A quick back-of-the-envelope: 30 minutes to load ~160,000 records is roughly 90 records/second. That seems pretty slow. Have you tried instrumenting the code to take some timings? If you dumped a timestamp (or a delta) every 1K records, you might see an interesting slowdown pattern. Correlating this with a trace of your systems memory availability might show what memory is an issue, particularly if the system starts swapping at some point during the load.

    Can you say more about the form of the keys and values? There might be something about their nature that you could exploit to find a different data structure.

      Very slow, considering I used Data::Random to generate a file to the specification listed (160,000 lines, 21 char) and it only took me 3.5 minutes to _generate the file. I agree it is sounding like a memory issue. What OS are you running this on? what are the specs on the box?

      -Waswas
      Looks like you have something goofy going on there. look at the time report at the bottom of this post for my runtime on a 2 proc sun box.
      open (CONFIG, "<iaout.txt") || die "Coulnd't open config file!"; my %lookup; while (<CONFIG>) { $lookup{substr($_, 0, 13)} = substr ($_, 13); } #script used to generate data in the form of: # 21 random alpha chars per line # # #use Data::Random qw(:all); #open IA, ">iaout.txt"; #for $x (1 .. 160000) { #my @random_chars = rand_chars( set => 'alphanumeric', min => 21, max +=> 21 ); #print IA @random_chars, "\n";; # #}[1:50pm] 161 [/var/tmp]: time perl t 2.95u 0.18s 0:03.30 94.8%
      How simular are the key parts of the data in your file? I am wondering if you are getting a very high collision rate on they key for some reason? either that or memory is my best guess.

      -Waswas

        Aha, t'was written...

        "I am wondering if you are getting a very high collision rate on they key for some reason?"

        I reckon that this is what the problem is as the key values are very similar all the way through and there's not a lot which can be done about it. Hmmm... I'm trying to think of a better data structure. Thanks for the help everybody who contributed.

        Elgon

        PS - The box is an 8 processor Sun server running Solaris with 8GB of RAM. Neither the IO nor the memory seem to be the problem from continuous observation of the stats.

        update - Thanks to BrowserUK et al. for their help unfortunately the version we are using is 5.004_5 and I am not allowed to change it. Oh well. I'm trying to find a workaround as we speak...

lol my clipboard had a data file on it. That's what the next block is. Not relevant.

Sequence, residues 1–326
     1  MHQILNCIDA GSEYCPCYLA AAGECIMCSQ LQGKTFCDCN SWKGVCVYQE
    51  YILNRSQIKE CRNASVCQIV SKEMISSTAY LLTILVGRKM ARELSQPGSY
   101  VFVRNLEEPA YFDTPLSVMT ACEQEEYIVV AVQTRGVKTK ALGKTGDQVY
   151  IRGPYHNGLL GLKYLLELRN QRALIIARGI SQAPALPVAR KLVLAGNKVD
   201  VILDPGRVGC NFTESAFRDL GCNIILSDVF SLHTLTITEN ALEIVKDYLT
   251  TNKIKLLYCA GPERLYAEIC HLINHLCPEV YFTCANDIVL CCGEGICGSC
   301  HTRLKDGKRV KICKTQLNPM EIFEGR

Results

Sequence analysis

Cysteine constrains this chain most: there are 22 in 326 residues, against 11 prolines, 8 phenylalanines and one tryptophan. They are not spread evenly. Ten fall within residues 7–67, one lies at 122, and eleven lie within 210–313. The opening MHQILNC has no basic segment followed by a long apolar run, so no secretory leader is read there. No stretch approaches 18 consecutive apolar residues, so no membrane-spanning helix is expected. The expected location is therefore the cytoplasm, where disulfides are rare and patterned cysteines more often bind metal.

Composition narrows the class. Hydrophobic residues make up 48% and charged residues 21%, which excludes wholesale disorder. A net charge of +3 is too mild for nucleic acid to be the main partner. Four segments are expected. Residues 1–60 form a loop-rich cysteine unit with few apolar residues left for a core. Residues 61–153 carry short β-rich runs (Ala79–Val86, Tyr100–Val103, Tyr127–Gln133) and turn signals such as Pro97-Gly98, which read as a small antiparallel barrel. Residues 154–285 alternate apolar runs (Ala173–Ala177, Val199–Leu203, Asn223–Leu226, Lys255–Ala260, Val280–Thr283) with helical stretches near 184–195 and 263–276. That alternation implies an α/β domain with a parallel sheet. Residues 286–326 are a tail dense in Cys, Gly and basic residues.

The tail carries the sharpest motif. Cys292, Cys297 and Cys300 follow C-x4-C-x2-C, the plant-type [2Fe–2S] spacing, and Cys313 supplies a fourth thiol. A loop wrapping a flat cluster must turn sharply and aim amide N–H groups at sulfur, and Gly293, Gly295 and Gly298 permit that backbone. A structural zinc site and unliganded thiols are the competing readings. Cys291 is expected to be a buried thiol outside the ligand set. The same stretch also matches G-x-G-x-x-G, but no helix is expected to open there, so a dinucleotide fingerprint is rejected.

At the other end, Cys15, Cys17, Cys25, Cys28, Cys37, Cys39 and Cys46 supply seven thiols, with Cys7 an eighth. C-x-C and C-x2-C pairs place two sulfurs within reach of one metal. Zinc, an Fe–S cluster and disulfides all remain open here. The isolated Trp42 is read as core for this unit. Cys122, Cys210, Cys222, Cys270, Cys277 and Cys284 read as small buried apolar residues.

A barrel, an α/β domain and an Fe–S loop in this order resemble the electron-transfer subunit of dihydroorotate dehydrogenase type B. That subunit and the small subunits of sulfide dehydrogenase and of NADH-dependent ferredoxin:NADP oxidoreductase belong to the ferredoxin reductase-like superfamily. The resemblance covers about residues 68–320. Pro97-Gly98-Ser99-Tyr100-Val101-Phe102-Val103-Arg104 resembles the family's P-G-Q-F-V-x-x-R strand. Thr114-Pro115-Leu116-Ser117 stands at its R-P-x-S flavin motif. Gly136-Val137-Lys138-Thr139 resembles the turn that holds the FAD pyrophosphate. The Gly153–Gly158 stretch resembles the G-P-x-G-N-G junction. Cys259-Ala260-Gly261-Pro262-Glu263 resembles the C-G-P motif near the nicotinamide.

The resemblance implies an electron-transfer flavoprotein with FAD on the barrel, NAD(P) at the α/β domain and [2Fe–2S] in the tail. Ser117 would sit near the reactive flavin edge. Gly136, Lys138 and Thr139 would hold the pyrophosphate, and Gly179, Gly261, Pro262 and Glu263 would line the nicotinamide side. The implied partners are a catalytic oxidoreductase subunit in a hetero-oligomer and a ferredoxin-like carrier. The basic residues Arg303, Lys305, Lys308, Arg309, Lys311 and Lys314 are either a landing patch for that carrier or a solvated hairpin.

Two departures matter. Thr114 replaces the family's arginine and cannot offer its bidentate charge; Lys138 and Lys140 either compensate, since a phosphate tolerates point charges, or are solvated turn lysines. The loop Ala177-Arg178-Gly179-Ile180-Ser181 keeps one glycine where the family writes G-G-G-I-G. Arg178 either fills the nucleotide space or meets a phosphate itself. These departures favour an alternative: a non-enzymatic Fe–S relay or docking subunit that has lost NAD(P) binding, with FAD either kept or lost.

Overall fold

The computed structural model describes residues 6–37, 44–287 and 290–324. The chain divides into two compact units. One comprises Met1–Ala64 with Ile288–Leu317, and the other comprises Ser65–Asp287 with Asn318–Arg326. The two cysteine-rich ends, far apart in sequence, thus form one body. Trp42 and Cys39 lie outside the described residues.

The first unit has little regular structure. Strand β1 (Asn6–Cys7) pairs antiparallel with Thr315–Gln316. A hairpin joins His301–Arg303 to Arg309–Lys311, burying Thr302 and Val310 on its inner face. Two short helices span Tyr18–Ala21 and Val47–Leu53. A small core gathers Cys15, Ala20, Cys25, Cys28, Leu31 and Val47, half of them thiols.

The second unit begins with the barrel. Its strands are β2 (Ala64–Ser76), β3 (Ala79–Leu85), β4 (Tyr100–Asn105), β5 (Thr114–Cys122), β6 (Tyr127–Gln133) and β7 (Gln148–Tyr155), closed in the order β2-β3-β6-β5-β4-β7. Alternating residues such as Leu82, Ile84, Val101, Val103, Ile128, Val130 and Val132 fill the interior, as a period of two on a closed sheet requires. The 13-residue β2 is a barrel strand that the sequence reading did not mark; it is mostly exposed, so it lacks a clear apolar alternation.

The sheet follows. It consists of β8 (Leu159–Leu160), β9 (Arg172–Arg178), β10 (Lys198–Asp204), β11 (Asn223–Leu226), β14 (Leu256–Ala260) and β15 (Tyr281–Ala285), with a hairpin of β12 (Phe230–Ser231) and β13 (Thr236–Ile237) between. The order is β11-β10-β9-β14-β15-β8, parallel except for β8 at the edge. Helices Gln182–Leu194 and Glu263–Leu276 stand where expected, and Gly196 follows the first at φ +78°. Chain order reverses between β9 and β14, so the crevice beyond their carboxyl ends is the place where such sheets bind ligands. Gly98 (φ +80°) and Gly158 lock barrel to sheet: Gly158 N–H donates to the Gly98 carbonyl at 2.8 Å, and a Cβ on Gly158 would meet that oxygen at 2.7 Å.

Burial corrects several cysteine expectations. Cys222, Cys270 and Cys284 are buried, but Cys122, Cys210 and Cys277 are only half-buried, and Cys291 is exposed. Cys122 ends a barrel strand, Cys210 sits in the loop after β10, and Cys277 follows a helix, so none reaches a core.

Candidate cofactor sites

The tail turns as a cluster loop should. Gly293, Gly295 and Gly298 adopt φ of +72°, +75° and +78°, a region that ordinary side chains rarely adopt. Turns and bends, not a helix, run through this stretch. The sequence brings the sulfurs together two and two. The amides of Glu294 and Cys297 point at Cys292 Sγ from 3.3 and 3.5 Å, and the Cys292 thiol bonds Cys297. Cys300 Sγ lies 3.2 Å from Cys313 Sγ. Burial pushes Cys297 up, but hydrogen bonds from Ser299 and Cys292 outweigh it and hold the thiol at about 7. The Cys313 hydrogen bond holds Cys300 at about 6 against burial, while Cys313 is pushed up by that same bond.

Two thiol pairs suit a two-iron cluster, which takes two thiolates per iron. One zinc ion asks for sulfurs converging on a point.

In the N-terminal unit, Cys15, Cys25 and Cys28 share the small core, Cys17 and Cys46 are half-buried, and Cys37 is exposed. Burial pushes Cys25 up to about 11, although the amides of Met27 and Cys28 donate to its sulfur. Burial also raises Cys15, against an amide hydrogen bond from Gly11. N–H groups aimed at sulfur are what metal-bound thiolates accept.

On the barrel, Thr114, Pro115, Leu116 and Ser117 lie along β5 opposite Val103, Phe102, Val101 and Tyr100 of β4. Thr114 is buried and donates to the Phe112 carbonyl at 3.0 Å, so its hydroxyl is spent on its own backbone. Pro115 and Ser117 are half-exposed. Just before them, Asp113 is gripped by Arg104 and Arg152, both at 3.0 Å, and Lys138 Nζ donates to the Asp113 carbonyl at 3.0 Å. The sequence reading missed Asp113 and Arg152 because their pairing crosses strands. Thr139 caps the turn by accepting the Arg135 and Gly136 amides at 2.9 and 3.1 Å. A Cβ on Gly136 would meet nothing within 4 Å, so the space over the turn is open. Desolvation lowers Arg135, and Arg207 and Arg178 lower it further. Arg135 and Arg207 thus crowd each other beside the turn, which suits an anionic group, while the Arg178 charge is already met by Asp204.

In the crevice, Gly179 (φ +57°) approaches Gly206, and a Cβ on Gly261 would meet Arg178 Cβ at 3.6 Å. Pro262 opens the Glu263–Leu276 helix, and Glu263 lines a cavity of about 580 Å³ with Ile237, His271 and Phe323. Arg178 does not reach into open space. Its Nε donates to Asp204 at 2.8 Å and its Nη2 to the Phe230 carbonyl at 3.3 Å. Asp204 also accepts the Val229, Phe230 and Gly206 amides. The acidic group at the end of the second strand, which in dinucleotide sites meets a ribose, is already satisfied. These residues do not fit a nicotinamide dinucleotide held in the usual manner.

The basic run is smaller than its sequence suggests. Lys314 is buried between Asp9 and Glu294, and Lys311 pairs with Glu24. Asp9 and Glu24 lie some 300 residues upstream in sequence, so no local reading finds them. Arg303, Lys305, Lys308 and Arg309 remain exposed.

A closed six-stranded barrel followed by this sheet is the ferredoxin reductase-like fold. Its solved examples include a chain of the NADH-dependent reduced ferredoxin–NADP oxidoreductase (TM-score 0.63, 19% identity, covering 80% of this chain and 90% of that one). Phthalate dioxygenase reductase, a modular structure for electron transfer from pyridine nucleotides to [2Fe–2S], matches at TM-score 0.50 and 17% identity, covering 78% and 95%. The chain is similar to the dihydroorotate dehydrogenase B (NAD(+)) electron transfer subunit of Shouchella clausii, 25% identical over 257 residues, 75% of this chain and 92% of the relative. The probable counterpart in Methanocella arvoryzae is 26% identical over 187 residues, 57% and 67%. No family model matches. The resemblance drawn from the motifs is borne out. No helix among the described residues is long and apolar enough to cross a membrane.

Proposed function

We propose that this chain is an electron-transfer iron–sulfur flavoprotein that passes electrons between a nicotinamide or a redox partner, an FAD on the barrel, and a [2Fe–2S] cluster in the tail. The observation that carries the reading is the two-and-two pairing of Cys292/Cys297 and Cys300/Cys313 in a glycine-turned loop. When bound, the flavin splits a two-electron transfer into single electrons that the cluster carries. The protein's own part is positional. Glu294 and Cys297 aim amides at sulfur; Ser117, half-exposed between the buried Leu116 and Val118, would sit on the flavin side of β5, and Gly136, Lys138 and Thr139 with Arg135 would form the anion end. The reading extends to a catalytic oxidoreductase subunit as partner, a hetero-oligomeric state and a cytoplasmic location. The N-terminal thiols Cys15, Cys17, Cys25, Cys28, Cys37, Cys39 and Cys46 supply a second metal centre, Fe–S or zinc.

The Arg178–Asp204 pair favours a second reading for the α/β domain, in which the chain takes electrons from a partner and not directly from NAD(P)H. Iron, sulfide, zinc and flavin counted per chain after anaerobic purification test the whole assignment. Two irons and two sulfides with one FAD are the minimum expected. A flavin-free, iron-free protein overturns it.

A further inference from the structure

update 2 - Thanks to jsprat, the script now runs in about a minute. Ta to all...

        Please, if this node offends you, re-read it. Think for a bit. I am almost certainly not trying to offend you. Remember - Please never take anything I do or say seriously.

Re: Slurping BIG files into Hashes
by BrowserUk (Pope) on Jun 18, 2003 at 20:23 UTC

    I have to concur with waswas-fng, your data, or rather your keys must be such that your approaching worst case behaviour. I tried your original code on my 233Mhz P2 and loading the hash took a little under 8 seconds.

    To acheive the load times of 30 minutes you are quoting. you are either

    1. extremely unlucky.
    2. using an Apple II or ZX 81 :)
    3. your data has been picked to deliberately induce the pathological behaviour.

    If a) is the case, my commiserations, but I do have a work-around for you. If you are currently using 5.8, revert to 5.6.1. If your currently using 5.6.1 or earlier, switch to 5.8. The hashing function changed between these two builds and if your data is genuinely inducing the O(n^2) insertion behaviour on one build, it will perform as you would hope on the other.


    Examine what is said, not who speaks.
    "Efficiency is intelligent laziness." -David Dunham
    "When I'm working on a problem, I never think about beauty. I think only how to solve the problem. But when I have finished, if the solution is not beautiful, I know it is wrong." -Richard Buckminster Fuller


      ++, also if the data is not valuable or meaningful put it up on a siteand send me a message with the url, I will verify behavior across platforms (+ it might make a good dataset to see how the hash keys are vaulnerable)

      -Waswas